In addition to less energy, a lack of exercise can also result in the following:
Less body confidence = less confidence on stage
More inflammation = more allergies, illness, and discomfort
Poor insulin resistance = more fat, trouble sleeping, increased irritability and stress
All of these things come back to one important thing, MONEY. If you don’t have energy, confidence, or good health, you can’t give it your all. People don’t want to pay for subpar performances!
Quick Run-Down of Non-Physical Benefits
Preventative maintenance is cheaper than doctor’s bills
If you get injured or sick you have to take time off from touring, recording, and working
It’s tax deductible
Not worrying about throwing your back out pushing an amp up 2nd avenue and being able to play a gig
Self-care and “me” time
Confidence is increased
Increased self-awareness and being more in tune with your body = less chance of injury or overworking
It’s cathartic = less stress
Better sleep = more creativity and positive mood.
When your physical health is on track, other things tend to fall in place.
By and large this is one of the biggest benefits to exercise. As a performer, this is a crucial aspect to your stage presence.
One of my long-term clients is a tenor and sings classically. He is also an author and was suffering from intense back pain from sitting all day. He wanted to feel better, but he also wanted to look out for his future health. After some time lifting weights, he was no longer guarding his back and as he picked it off the floor, his face lit up in a huge smile and he shouted “this is important!” He finally felt right in his body, and that has made all the difference in his life.
Another client of mine was a petite 24-year lady who had never worked out in her life. Two things held her back: she had no idea what to do and the gym totally intimidated her. As I walked her through barbell lifts and weighted squats, I watched her learn what to do with a dumbbell, how to hold herself, and how to move. That young lady now has confidence that spills out into the rest of her life, besides feeling confident in any gym.
Sometimes we put barriers on ourselves with what we think we can and cannot do, especially with our bodies. We limit ourselves. The gym can be intimidating, but rocking your routine translates so well to the stage and bolsters your self-confidence.
Do you notice that when you take the time to clean and organize your house, you sometimes get inspired to do the same thing in other areas of your life? Or, when you started following a dedicated routine in some part of your life, you notice that dedication carries over to other places in your life?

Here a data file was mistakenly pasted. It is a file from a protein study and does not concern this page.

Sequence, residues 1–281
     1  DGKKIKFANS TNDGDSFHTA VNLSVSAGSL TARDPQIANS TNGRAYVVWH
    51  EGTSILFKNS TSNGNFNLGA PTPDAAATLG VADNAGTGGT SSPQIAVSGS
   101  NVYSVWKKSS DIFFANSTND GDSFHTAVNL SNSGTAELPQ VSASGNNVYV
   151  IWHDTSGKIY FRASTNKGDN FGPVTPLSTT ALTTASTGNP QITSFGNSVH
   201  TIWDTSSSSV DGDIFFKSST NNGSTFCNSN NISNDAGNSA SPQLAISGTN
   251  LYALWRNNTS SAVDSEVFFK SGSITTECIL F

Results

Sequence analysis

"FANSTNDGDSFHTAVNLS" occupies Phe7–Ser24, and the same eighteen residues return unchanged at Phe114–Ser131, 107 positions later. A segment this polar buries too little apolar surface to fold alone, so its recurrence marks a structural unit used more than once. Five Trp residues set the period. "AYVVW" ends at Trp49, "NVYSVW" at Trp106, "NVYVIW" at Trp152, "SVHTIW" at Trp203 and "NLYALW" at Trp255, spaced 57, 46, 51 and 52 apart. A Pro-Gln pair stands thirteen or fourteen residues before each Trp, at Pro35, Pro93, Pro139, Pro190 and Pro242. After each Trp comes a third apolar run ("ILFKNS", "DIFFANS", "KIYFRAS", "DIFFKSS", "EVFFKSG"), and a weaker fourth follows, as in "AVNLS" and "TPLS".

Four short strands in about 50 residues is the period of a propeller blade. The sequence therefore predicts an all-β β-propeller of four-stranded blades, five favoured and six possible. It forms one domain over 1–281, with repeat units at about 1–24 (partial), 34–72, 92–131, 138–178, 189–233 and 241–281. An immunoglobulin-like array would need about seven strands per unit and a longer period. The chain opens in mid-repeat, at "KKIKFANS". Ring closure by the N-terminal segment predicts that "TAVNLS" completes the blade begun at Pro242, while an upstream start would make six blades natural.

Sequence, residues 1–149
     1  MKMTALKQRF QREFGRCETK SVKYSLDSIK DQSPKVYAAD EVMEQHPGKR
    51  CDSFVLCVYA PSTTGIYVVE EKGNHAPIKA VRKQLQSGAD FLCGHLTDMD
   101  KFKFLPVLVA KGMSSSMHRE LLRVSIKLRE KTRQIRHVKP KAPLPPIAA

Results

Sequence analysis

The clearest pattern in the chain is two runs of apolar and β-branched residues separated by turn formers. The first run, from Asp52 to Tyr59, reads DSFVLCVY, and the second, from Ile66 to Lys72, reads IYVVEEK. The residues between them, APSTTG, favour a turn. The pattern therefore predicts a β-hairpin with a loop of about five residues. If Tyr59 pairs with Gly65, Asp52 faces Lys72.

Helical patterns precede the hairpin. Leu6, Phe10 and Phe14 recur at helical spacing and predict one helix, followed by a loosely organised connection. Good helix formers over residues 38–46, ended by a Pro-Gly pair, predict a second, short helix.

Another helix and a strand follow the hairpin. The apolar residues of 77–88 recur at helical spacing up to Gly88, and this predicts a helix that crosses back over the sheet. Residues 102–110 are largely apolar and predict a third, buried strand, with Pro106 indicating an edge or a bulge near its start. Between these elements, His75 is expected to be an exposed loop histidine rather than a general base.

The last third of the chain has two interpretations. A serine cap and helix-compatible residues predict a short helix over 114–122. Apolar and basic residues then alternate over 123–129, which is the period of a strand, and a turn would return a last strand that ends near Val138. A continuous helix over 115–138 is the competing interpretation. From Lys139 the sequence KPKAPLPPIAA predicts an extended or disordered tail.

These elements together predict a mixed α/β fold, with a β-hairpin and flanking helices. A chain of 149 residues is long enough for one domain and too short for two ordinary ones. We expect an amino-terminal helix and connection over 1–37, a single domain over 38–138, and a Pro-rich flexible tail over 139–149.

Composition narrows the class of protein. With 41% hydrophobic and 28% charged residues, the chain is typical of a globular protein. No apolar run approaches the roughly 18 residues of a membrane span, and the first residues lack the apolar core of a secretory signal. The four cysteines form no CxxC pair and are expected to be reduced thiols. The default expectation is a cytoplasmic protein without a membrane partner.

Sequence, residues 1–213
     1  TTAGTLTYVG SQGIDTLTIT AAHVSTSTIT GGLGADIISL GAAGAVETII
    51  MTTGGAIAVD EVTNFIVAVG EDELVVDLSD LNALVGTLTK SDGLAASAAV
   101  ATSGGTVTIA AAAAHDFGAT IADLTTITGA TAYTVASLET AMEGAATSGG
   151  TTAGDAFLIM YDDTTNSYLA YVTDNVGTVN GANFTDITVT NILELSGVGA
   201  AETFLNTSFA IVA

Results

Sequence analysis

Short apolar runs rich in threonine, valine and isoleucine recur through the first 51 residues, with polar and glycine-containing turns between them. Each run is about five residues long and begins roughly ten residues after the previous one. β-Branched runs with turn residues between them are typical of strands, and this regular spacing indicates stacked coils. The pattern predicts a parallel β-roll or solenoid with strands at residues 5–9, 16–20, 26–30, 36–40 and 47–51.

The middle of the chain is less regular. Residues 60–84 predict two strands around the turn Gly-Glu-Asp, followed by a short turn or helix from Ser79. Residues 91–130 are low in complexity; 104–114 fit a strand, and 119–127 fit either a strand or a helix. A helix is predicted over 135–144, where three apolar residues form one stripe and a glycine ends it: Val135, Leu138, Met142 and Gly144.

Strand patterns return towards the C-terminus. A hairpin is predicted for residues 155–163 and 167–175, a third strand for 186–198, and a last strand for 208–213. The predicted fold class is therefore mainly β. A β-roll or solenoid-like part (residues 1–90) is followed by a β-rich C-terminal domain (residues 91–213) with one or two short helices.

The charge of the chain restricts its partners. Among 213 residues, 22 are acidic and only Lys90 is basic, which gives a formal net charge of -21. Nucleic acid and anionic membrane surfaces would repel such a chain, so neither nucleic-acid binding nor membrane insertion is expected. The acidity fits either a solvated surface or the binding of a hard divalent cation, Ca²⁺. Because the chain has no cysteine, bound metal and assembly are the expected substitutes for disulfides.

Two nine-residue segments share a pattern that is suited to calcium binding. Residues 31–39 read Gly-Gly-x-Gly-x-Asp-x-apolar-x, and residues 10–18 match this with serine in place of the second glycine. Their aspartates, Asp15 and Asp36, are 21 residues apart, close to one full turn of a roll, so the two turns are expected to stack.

Exercise is no exception. When you maintain a workout routine, other things fall in order. When you take dedicated time to do a planned workout and you see the results, you might even realize you have more control than maybe you thought you did over other areas of your life as well. Exercise is empowering in many aspects.
Maybe you feel that you have too much to do and you have to do it all perfectly, and that self-care is a frou-frou word dedicated to people who don’t have jobs and have nothing else to do? We’ve heard that if you don’t take care of yourself, no one else will. That’s absolutely true.
Our schedules are so jammed that fitting in things around work, family, and survival seems impossible. For example, I love music, but when I play all day long, from rehearsals to practice to recording to concerts, there’s no balance.
You need to step away and enjoy a hobby. Doing something physical so that you can’t be tempted by taking calls, checking emails, or looking at screens will help you see the value of purposely carving out that time for yourself. You have to have the control to say “I see the value in this. I’m putting my foot down, and these few hours a week I carve out just for me. I have to have that time that I devote to myself.”
Exercise releases endorphins (what we experience as the “feel good” hormones) and who doesn’t want more of those? Often we turn to other things to heighten our mood, but these things tend to be temporary. You can learn to feel good and proud for pushing yourself, doing a little more each time, and feeling your body move the way it was meant to.
This benefit goes along with increased confidence. We can build up so much anxiety about ourselves, doing things perfectly, and being enough for not just ourselves, but for everyone else in our lives.
When you step into the gym, you are allowing yourself to be a beginner again. There are no expectations for you there. Can you feel the relief that comes with those words?